Touchscreens were for me a lesson in humbleness: when they were first introduced, I was utterly convinced that they would never take off.

Inspired by the responses to the previous toot, I open the issue: what was you most blatantly wrong technological prophecy?

Mine:
- I was sure touchscreens would never take off.
- I believed that the idea of registering digital art on the blockchain was ridiculous

@entreprecariat
- I used to be convinced that "files" or similar units of storage would remain relevant forever. Today, some people have in their life never encountered the concept of files, or basically anything that would persist when a computer system is turned off and on again. Almost all aspects of computer usage have become transactional, and people prefer to orient themselves in the dimension of time more than anything (although that is crumbling, too).

@despens @entreprecariat do people prefer it or has the capacity for it been systemically stripped away by the mobile OS duopoly? Google minimizes the file system on Android devices because they want everyone to search for everything (which generates intent data they can extract profit from). Apple obfuscates the fs because they don't even really want users to think of their devices as computers (because consumption appliances are their big moneymakers now)

@despens @entreprecariat these changes are carefully directed acts of top-down user mindset engineering, not some natural evolution toward universally better ideas. these devices still have file systems under the hood and with the right UI design those systems could still be extremely valuable affordances to users.

@jplebreton @entreprecariat Yes, sure, I agree, but it is not that simple.

Many users struggled with the burden of organizing their files before these designs were introduced[1], Apple & Google exploited this to their gain in a similar way Apple, IBM, Microsoft, Sun, and many others exploited users struggling with file management on the command line and gave them a desktop. There was lots of criticism towards that, users would become dependent on GUIs and never be able to understand how the file system actually works, etc.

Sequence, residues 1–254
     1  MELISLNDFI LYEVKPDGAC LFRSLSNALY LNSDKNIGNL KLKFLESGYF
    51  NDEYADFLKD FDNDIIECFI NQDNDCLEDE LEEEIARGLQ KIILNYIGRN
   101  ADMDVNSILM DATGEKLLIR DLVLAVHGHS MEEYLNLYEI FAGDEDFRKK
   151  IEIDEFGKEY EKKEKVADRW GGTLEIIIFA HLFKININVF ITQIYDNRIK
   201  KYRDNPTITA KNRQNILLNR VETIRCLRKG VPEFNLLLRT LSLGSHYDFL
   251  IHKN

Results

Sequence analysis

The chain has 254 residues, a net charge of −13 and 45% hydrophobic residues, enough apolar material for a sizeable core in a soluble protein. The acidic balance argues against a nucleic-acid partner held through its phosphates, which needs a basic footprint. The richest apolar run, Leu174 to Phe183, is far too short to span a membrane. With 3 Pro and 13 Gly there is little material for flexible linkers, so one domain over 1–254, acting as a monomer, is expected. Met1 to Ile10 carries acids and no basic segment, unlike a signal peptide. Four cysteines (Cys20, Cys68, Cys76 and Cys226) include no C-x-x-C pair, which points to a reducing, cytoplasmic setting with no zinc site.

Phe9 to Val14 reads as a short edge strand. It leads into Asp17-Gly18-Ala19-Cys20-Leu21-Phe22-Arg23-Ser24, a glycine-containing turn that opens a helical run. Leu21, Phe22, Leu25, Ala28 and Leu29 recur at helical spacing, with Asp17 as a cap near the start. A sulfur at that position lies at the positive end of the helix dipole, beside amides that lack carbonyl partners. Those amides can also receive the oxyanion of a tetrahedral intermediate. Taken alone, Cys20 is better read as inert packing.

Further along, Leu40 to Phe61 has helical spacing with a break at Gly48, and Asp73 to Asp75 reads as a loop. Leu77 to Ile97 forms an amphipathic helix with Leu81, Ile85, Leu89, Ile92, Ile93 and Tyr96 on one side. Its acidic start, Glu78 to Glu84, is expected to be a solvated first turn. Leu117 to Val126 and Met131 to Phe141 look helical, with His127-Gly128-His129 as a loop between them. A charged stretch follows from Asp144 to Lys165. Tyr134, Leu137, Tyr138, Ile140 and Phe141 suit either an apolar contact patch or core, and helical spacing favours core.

But indeed, the mobile design patterns have a different ring to them, esp. when it comes to behavioral surveillance. Yet, Apple and Google produced a set of idioms that users prefer over something like Windows CE or Windows Mobile. These designs are based on user research and A/B testing and do represent something that users actually prefer. (Of course this goes hand in hand with the choices presented to them.)

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[1]: witnessed this for more than a decade teaching programming to designers and artists, and there's lots of literature about it.

@despens @entreprecariat Agreed, yeah. A key difference between the GUI revolution and the rise of mobile is that GUIs were seen as massive accessibility wins that simply made computers more appealing to people. Whereas with mobile, the two companies were very much aware they were creating new markets (platforms, in the modern sense) whose design had to enact their overall business strategy, a constraint that I don't think was present in the GUIs of the early 80s.

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@jplebreton @entreprecariat I honestly believe that this was the case as well for Microsoft Windows, the Macintosh, Sun, Acorn, etc. Going GUI was a market shakeup that allowed the OS makers to replace existing established software from competitors with their own, tie developers to themselves, and expand their market. Microsoft's OLE design was on the one hand a realization of Kay's dynabook ideas, but also making it very hard to port a Windows application to multiple platforms. Sun tied their OS to their own processor architecture. Apple created a parallel file system universe and selling diskettes with an Apple logo on it for 5x the prices of a regular one.

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